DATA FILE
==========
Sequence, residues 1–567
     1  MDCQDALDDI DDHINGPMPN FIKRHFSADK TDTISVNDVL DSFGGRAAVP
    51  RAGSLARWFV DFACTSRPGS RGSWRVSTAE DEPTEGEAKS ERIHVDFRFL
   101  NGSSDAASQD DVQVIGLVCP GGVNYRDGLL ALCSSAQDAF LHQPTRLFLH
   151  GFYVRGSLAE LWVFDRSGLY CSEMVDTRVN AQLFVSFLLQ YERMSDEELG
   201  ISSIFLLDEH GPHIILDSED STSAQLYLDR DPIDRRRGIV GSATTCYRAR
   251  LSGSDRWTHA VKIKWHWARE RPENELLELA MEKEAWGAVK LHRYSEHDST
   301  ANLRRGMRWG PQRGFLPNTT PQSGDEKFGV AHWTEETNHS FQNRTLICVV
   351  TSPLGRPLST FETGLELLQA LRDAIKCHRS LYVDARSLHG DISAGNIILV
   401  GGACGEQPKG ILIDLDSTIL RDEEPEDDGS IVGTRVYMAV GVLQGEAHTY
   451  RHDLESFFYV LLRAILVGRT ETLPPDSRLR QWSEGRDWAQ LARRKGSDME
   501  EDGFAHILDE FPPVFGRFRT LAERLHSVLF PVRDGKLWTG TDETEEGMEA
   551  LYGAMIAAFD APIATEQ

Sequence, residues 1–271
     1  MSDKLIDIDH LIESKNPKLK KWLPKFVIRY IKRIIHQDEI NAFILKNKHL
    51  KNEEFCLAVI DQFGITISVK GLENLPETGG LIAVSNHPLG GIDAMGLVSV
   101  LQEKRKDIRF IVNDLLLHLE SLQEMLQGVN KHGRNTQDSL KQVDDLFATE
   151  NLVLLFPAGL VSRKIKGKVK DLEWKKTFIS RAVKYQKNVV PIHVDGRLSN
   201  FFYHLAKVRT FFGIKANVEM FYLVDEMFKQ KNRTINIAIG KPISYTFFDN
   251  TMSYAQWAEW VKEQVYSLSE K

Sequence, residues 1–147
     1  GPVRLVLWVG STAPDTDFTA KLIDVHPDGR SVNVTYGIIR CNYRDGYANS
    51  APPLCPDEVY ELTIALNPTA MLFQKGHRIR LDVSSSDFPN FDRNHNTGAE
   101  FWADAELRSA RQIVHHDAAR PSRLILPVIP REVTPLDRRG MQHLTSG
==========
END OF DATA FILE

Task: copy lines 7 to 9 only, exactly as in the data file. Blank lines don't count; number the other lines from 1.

   251  LSGSDRWTHA VKIKWHWARE RPENELLELA MEKEAWGAVK LHRYSEHDST
   301  ANLRRGMRWG PQRGFLPNTT PQSGDEKFGV AHWTEETNHS FQNRTLICVV
   351  TSPLGRPLST FETGLELLQA LRDAIKCHRS LYVDARSLHG DISAGNIILV